Regular readers of this blog know that I am a strong advocate of microlending and a Kiva lender (have you clicked on the widget on the left sidebar yet?). The main reasons why I am strongly in favor of such programs are summarized in this Independent article.
At the same time, I do not consider microlending a substitute for anti-poverty, gender literacy and overall development programs. Microlending is not the magic wand that will solve all the problems of the Global South. It is one tool that should be used and supported, but there is no substitute for things such as public health policy.
One of the things that is often mentioned in microlending discussions is the high rate of reimbursement and the low rate of default. The poor do pay back. Based on this simple fact, it is not surprising to find that investment firms have been interested in moving in on the microlending potential bonanza (there is no shortage of poor women in the Global South) as a mode of investment for 401k-type of investments. That is how for-profit microlending businesses have emerged. And so, Der Spiegel legitimately asks:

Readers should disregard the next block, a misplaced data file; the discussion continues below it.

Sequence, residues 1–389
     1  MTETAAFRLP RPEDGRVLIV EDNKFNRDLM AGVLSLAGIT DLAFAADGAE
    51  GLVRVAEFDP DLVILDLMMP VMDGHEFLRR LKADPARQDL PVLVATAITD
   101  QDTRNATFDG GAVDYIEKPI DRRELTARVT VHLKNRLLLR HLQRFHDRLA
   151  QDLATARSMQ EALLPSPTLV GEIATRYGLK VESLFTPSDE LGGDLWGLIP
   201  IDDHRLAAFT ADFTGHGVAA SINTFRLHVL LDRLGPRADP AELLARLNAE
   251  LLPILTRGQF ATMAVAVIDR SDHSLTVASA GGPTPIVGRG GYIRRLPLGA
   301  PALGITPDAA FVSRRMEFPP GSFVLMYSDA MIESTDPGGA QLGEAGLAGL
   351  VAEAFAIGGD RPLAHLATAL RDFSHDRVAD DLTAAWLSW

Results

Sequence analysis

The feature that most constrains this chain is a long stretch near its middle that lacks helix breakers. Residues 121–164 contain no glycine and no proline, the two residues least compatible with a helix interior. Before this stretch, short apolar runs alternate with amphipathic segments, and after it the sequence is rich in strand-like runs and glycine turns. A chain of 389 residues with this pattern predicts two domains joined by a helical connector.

Compare and contrast:
Since he received his Nobel Prize for the work of the Grameen Bank, Yunus has been busy promoting his social business model (businesses that are designed to not generate profit but deliver social goods).
In contrast, Choudhury’s ASA has a different model. It is a for-profit business that is based on (foreign) investment. TIAA-CREF is mentioned as one such investor, along with other pension funds.
An even more extreme form of for-private microlending is Compartamos, which was featured in an episode of Now on PBS (video). Yunus has been especially critical of Compartamos which he sees as exploitation:
For Yunus, this defeats the purpose of microlending, which was, in part, to get rid of the system of usury. But for him, the for-profit microlenders are usurers making a comeback.
What is obvious is that there is indeed a struggle for the definition (or redefinition) of the way microlending should work. Is Yunus’s model obsolete compared to the young and hip American-born and trained economists of ASA? I would argue that the for-profit model might have looked good a few years ago, and its proponents might have thought that they had won the battle. With the global economic collapse, things might be different and Yunus’s social business model might not look so obsolete.